The last five chapters show how God eventually brought home certain lessons to Job about God’s greatness and Job’s insignificance in God’s sight.
Study this remarkable book for its application to your life!
Later, Job acknowledged, “No purpose of Yours can be restrained” (Job 42:2; ASV translation). He had previously said, “If a man die, shall he live again?…You will have a desire to the work of Your hands” (Job 14:14-15). Job knew God was working directly in his life, and that nothing could impede or restrain that purpose.
The same is true of you! Christians are purposed by God to develop His character. After a lifetime of overcoming, character development and spiritual growth, they are to be born as sons of God. This process involves suffering and affliction, sometimes both, and sometimes seemingly without end. But this is God’s purpose and no one can defeat it. God knows that life’s all-important learning process is inseparable from suffering.
While most wonder why God does not stop suffering, there is a related question some ask: “Can evil come directly from God?” God answers: “I am the Lord, and there is none else. I form the light, and create darkness: I make peace, and create evil: I the Lord do all these things” (Isa. 45:6-7).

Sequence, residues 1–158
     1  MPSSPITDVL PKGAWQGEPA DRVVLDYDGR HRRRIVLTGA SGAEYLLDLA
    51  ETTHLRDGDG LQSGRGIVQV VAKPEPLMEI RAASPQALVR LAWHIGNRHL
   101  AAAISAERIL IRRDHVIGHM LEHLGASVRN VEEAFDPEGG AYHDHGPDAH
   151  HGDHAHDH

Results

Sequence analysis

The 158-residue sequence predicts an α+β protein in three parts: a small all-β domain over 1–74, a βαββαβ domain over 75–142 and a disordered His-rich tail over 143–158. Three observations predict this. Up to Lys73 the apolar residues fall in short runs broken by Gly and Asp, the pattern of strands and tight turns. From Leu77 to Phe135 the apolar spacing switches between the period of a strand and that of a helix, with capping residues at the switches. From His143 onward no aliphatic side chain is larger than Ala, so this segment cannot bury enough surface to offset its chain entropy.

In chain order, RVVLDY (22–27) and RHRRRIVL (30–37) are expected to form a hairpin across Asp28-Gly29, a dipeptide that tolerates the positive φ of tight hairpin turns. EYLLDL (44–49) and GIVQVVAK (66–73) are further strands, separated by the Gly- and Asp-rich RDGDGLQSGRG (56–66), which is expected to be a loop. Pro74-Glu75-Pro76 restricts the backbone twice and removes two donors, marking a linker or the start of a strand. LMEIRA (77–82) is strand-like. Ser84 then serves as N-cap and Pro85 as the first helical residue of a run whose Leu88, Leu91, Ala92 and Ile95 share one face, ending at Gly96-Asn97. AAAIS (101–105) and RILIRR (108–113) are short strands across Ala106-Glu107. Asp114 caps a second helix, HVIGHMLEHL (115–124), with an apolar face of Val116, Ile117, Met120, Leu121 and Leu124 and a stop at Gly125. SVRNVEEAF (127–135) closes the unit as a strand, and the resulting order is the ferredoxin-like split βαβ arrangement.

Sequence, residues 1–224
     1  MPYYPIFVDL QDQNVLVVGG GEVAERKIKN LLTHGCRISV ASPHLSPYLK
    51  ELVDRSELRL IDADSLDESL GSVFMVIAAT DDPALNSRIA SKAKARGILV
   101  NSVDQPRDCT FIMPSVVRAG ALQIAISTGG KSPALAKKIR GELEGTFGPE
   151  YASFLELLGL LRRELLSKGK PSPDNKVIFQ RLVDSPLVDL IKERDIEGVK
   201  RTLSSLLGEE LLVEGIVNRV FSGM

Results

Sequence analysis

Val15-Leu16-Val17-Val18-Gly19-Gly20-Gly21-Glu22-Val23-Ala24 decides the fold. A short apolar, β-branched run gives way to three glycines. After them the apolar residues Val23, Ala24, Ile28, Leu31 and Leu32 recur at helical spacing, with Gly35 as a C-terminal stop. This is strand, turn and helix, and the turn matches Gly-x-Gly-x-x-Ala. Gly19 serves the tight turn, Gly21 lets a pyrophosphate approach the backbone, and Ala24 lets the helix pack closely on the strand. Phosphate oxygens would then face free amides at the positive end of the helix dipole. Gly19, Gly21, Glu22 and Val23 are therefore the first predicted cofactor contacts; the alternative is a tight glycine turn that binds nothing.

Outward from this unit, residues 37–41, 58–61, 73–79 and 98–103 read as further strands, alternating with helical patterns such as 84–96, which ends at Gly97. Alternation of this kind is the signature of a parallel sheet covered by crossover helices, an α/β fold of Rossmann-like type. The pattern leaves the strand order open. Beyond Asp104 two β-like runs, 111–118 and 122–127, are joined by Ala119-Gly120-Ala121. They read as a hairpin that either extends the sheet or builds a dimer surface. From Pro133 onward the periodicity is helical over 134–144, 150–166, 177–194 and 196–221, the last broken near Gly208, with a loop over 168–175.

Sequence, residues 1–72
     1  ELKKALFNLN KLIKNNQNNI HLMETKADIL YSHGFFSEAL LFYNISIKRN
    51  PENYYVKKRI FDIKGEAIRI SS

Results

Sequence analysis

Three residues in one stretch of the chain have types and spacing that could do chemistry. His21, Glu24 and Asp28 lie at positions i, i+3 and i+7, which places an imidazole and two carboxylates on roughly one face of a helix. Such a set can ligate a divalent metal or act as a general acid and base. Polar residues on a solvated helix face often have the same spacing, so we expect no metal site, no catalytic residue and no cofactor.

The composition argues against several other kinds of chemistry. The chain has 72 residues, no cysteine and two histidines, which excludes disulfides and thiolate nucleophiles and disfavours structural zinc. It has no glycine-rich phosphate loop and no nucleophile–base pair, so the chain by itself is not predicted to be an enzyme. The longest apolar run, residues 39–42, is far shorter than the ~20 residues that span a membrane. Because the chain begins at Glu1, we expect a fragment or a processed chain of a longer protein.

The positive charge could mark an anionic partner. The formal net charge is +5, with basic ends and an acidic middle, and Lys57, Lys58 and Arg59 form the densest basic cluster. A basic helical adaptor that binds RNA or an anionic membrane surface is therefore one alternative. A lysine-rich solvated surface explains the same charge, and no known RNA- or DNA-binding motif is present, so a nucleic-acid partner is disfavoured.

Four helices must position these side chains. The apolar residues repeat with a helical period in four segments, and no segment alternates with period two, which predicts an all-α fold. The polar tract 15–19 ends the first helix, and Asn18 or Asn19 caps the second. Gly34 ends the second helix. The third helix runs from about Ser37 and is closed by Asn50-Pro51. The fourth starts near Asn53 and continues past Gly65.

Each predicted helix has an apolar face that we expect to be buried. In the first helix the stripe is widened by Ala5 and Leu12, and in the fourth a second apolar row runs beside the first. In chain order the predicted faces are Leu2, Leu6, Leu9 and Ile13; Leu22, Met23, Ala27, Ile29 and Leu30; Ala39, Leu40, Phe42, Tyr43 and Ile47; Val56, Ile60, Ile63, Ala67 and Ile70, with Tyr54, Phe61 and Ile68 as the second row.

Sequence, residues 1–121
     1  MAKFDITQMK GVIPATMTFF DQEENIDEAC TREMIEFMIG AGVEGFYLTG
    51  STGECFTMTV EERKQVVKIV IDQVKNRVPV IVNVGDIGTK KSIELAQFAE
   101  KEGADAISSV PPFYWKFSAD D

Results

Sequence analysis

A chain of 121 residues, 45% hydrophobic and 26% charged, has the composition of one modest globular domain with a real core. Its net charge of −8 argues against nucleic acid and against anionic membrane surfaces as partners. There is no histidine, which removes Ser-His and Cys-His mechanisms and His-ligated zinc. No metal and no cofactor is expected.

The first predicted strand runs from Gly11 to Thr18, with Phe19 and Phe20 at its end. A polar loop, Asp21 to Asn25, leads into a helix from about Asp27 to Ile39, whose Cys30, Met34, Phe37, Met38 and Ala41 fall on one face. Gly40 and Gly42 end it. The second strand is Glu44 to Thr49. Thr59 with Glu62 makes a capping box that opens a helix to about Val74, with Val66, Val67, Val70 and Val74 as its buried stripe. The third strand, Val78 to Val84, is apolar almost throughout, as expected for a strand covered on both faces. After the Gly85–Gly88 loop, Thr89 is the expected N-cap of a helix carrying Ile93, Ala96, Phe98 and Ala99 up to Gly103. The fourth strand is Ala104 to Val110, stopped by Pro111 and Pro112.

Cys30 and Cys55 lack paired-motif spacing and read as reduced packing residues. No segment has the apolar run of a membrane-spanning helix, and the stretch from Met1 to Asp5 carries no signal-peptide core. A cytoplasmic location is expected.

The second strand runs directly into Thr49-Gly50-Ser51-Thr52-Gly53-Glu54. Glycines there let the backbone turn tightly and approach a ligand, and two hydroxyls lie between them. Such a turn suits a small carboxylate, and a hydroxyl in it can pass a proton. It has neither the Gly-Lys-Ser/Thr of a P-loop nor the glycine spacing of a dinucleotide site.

Obviously, Isaiah agrees with Job. Evil can come from God, and, though always within God’s overall control and purpose, Satan is often the vehicle that brings it. I cannot stress enough how all true servants of God recognize the central role of suffering within the learning and character-building process, crucial to all whom God calls to His truth!
The apostle Paul lived what he taught! Take time to study what Paul’s ministry required him to endure. An astonishing passage—II Cor. 11:24-30—reveals that people can—with God’s help—handle far more discomfort, pain and suffering than they think—if they see its purpose.